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I am puzzled on how to pronounce cha- words. For example, I know that "chameleon" or "chamomile" are pronounced with a hard "c" like in "camel", not with a soft "c" like in "change". "Charity", on the other hand, is pronounced as in "change".

Is there some rule to infer the correct pronunciation?

marked as duplicate by sumelic, Mitch, choster, Hellion, JHCL Nov 3 '15 at 21:01

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No, there really isn’t.

If you know the languagethe word comes from, you can sometimes make a better guess, like chorus is from Greek, so it’s a /k/ sound there.

But there isn’t really a hard and fast rule. Usually, though, it’s like in church, so guess that way if you have to guess; the sound is /tʃ/.

Wait, I take that back. There is one rule. Words beginning with chr- are always with a /k/ sound. chronological, chrysoprase, Chris. So are words beginning with chl-, like chloroplast.

The imported French word chaise has a softer sound, just a /ʃ/.

I suspect most (maybe all?) words beginning with chy- come from Greek, and so have a hard sound there. They’re all uncommon and rare. For example, chyle is /kaɪl/, < Fr. chyle (= Ital. chilo, Sp. quilo):-L. chȳlus, a. Gr. χῡλός juice (of plants, animals, decoctions).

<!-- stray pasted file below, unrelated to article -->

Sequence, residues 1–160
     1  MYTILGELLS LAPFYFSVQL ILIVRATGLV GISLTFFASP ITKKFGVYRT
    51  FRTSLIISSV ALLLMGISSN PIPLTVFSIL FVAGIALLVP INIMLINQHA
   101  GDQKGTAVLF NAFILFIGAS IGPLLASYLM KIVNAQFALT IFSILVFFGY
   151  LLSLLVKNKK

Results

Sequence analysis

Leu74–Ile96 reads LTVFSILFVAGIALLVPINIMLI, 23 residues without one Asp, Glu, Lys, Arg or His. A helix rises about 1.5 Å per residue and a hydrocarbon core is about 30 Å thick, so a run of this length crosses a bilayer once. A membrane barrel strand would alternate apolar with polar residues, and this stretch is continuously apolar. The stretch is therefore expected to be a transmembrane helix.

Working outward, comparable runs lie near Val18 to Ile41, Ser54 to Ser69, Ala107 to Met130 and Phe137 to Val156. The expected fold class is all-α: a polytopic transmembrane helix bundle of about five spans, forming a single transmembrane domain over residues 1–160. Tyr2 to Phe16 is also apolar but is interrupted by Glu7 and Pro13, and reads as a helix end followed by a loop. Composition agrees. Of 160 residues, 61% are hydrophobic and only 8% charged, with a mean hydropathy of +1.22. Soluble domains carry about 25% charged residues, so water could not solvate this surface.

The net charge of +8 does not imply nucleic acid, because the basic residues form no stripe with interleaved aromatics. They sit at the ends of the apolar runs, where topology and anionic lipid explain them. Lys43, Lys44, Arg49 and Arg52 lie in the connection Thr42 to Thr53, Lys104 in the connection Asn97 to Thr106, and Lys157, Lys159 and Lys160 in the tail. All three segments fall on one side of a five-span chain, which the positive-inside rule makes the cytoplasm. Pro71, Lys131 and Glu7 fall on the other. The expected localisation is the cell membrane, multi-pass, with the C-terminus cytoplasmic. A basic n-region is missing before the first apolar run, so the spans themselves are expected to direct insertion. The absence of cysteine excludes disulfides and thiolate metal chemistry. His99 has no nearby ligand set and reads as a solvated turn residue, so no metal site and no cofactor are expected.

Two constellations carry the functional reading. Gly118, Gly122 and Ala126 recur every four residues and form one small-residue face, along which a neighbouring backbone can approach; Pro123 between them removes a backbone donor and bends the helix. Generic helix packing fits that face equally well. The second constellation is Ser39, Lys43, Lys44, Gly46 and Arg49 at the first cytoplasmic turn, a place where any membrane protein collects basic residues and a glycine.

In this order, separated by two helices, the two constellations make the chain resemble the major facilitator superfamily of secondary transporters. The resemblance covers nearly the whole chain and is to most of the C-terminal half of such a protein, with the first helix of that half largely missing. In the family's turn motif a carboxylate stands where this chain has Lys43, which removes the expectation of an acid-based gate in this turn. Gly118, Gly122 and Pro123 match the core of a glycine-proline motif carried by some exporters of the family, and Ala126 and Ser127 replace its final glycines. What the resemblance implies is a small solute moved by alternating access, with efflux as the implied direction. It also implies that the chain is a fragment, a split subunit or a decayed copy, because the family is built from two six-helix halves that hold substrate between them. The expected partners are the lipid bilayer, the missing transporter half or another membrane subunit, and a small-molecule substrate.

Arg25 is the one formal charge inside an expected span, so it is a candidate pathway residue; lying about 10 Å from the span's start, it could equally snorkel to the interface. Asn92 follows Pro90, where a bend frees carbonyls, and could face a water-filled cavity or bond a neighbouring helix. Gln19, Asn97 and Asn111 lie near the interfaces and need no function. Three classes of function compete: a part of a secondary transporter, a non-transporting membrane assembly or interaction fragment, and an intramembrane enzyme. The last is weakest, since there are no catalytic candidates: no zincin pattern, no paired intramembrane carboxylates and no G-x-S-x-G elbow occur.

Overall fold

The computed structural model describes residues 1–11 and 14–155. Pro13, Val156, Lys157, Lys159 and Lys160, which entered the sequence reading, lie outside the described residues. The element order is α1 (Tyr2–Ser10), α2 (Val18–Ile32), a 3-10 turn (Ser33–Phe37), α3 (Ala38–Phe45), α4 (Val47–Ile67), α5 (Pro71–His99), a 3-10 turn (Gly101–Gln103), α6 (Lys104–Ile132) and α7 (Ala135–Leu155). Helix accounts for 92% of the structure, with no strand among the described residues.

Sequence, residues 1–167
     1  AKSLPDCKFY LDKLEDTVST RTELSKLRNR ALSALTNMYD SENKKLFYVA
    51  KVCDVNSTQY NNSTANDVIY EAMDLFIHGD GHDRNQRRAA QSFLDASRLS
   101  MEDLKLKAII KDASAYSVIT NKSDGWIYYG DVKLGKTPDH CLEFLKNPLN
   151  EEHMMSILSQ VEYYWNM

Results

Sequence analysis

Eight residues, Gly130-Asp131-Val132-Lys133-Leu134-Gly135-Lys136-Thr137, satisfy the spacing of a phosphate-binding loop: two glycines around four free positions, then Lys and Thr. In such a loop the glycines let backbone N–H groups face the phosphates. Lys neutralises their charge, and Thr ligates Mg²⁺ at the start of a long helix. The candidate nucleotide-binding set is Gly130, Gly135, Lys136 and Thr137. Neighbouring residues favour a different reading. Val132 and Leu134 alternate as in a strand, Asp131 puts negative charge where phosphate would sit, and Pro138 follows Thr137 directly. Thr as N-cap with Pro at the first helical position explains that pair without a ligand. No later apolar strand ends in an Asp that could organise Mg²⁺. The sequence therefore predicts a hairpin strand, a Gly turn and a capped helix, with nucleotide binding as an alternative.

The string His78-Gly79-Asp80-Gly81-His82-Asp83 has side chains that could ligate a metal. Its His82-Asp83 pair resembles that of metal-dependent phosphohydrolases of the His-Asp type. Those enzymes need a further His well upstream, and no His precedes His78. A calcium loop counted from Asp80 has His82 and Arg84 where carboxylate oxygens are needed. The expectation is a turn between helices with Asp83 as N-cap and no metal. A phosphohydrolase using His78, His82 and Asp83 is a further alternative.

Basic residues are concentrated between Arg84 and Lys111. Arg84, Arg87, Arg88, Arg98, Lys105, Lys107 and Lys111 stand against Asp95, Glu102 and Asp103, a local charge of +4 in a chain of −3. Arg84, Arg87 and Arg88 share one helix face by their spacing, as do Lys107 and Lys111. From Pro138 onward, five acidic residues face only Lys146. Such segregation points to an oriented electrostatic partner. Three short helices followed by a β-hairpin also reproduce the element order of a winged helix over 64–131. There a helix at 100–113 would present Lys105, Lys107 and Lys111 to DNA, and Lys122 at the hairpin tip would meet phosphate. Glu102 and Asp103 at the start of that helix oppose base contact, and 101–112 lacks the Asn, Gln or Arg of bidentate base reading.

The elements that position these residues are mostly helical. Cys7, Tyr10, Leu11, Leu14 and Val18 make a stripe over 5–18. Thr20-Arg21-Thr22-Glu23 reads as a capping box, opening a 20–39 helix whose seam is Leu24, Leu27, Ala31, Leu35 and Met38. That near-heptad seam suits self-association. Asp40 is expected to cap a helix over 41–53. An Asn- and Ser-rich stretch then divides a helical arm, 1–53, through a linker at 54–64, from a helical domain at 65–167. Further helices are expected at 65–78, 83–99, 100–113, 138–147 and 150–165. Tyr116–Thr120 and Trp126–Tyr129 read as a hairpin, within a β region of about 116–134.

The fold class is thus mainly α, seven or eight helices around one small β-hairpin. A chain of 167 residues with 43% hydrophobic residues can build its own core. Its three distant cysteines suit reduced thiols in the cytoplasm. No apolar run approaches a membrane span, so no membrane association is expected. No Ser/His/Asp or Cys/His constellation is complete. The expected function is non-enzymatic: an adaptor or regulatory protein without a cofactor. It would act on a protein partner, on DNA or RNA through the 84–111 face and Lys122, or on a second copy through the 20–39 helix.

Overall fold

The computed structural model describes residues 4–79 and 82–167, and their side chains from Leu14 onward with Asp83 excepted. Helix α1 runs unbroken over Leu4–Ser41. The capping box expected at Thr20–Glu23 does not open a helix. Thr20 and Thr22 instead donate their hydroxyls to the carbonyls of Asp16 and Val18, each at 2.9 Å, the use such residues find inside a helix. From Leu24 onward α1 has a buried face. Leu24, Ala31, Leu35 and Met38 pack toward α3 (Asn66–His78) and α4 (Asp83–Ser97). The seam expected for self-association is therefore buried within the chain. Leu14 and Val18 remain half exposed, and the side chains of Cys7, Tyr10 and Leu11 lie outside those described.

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    Along the lines of chaise, don't forget Chicago and chaps (as in cowboy attire, not as in "fellows"). – mmyers Nov 14 '10 at 4:50
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    @mmyers: For many American speakers, "chaise" is a homophone of "chase", at least in its most common usage in the term "chaise longue", which I often hear rendered as "chase lounge". Sigh. For most, "chaps" is always [tʃæps]. – Jon Purdy Nov 14 '10 at 5:32
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    There are also several "cha-" words from Hebrew used in English that are properly pronounced with the back of the throat, such as "challah." – mskfisher Nov 16 '10 at 16:18
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    @mskfisher - +1, but I would more likely give "Chutzpah" as an example. – Moshe Nov 17 '10 at 2:55
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    @PLL - Yes, but those people are pronouncing it wrong then. ;-) – Moshe Apr 3 '11 at 1:20

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